The point that the cartoon artist (and I suspect some responders to this article) have forgotten is that, humans are still evolving. African-Americans are still evolving. Therefore, African-American women are still evolving.

    History has been presented to humans from the point of view of the victor, i.e. the “white male.” Therefore, until the 1900s, we rarely heard a story that wasn’t tinged with perspective of the “white male.” Only rarely did we hear a story (be that fiction or non-fiction) from the point of view of the woman (in general). So, if we rarely heard the stories of white women, then, it goes that it would be an even deeper rarity for us to hear the stories of minorities, such as black men or black women.

    The stories we heard of the white male typically related “rags to riches,” the various morality tales, knowledge & wealth acquisition, and the various ways they approached love, romance, and family. And, in these tales, we learned of the white man’s thought feelings, sensations, thought processes, theorems, concepts, values, and how they applied these feelings, sensations, etc to their choices in life. They had a many millennia to examine the how’s and the why’s of their actions. They had a many millennia to carve out standards, rules, regulations, and most importantly, laws to allow them to live their lives according to their own terms, freedom!

    While most men have had all this time to exercise their freedoms, women (in general) have been forced to carefully navigate their own paths to equality. As history has explained, most women with freedom only had that freedom based upon the whims and desires of a male parent or spouse of executable power (i.e. a king, tribal elder, or a rich businessman), via a will or some other statement of legal power. Whereas, other women freedoms (or life choices) became subject to her genetic factors, such as who was her parents, was she a first born, was she pretty, and other factors not related to her character, actions, or talents.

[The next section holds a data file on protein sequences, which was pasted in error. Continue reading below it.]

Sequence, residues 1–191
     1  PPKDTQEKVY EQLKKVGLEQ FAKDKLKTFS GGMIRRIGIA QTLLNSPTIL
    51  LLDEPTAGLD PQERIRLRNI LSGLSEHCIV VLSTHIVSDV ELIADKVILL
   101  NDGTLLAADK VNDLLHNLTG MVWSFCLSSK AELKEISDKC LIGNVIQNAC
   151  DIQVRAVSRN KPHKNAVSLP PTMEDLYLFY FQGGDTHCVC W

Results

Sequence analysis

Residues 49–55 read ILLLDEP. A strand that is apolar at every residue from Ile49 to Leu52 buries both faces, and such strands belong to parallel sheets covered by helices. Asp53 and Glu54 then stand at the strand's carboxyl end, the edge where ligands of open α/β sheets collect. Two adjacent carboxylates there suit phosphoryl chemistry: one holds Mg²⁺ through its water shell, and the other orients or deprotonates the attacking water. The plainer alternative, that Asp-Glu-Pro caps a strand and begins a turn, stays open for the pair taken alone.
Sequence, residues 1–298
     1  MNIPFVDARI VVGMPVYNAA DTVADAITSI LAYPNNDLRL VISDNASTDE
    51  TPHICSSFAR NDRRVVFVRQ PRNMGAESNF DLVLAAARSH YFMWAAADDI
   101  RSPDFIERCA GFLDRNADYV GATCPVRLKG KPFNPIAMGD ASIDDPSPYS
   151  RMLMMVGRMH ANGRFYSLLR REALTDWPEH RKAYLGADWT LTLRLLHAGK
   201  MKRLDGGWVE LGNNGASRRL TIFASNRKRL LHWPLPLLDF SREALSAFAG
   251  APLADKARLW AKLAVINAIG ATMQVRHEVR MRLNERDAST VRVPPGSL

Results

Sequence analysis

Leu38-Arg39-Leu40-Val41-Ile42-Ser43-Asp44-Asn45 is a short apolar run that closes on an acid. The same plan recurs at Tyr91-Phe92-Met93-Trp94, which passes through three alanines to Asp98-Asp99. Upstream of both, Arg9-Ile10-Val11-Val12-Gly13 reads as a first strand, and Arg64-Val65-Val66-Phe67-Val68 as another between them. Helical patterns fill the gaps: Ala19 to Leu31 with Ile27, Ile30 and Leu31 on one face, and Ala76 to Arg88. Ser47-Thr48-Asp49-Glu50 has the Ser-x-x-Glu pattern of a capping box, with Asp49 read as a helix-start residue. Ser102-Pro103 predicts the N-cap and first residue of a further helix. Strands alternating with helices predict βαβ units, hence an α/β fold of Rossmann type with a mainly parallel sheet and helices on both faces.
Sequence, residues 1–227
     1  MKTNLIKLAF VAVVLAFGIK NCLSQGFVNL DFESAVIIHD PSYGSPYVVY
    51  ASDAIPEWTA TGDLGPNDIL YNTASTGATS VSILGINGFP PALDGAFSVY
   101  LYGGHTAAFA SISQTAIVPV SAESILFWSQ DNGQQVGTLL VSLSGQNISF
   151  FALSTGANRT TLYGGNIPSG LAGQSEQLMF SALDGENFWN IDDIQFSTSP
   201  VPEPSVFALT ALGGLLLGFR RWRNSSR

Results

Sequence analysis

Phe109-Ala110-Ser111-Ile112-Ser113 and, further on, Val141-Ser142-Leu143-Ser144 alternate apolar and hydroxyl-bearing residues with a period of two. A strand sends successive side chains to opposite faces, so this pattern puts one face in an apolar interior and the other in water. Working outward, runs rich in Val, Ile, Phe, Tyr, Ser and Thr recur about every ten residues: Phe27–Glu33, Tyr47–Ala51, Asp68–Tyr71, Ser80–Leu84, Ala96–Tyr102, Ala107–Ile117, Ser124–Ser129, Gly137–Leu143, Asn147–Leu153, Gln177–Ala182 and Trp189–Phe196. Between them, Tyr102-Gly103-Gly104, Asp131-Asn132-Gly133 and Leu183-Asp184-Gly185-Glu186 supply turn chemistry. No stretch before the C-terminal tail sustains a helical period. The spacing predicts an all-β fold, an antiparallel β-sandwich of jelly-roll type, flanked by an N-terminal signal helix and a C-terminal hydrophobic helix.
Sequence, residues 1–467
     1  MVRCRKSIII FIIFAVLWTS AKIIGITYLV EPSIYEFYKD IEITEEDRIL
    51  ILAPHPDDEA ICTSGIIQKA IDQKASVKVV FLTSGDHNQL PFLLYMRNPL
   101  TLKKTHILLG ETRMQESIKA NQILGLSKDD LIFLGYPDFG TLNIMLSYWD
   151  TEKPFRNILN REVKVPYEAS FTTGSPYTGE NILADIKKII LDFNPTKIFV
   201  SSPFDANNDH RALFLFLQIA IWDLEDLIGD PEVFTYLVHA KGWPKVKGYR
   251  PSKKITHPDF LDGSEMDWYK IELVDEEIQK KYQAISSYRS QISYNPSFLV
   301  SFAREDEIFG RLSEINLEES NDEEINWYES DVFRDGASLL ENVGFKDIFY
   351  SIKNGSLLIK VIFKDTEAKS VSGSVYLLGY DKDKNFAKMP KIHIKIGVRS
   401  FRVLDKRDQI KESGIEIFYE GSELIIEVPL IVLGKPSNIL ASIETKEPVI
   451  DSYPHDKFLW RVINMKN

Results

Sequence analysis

It wasn’t until the 1900s, that black women start getting the message (en masse) that it was acceptable to blaze their own trails, make their own decision, and figure out for themselves what is good, morale and right for their own lives. And, it wasn’t until the mid-1900s that black women started to figure out that the path to happiness was in their own hands. And, it wasn’t until somewhere near the 1970s that black women started to figure out that blazing your own path in life, not blindly, meekly following some else’s vision of who that individual woman is supposed to be, can a very rocky road to travel on. We will make mistakes learning how to be a self-sufficient human that can fully contribute to humanity.

    If we can accept that there are many types of white men, with many different goals, values, life approaches, and faiths; AND we can accept that minority men can do the same; AND we can accept that women (as well as other minority women) can do the same; then, why can we just accept that the black woman will do the same, too? If the human, in general, is still evolving; then, it goes that black women are still evolving, too!